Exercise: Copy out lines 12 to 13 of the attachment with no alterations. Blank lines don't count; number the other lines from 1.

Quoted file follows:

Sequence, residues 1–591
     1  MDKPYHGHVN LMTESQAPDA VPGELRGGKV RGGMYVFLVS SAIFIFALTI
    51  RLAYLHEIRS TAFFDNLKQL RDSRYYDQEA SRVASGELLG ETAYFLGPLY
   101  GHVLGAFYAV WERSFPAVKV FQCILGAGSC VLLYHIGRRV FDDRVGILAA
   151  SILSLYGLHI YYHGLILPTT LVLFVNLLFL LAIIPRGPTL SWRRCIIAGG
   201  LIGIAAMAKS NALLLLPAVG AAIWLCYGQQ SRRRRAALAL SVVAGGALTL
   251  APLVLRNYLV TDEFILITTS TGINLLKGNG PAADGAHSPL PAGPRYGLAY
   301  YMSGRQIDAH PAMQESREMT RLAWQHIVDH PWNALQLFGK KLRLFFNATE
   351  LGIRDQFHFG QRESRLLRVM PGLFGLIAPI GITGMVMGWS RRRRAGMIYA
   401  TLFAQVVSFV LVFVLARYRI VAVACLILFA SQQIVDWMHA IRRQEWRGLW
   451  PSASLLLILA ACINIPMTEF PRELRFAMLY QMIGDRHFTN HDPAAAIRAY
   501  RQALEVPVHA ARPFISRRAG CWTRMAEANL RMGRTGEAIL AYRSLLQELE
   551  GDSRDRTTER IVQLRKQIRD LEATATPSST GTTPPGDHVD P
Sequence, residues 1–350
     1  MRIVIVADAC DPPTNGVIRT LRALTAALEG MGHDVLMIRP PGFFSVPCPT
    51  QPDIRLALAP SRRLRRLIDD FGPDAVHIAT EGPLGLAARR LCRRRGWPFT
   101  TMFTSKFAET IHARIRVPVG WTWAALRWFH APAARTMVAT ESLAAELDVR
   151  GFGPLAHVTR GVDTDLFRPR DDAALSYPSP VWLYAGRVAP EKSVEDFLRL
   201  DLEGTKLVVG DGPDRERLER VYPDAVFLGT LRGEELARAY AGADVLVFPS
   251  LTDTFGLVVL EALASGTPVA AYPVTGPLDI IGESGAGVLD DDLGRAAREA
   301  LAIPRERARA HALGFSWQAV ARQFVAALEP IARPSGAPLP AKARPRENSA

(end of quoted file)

   501  RQALEVPVHA ARPFISRRAG CWTRMAEANL RMGRTGEAIL AYRSLLQELE
   551  GDSRDRTTER IVQLRKQIRD LEATATPSST GTTPPGDHVD P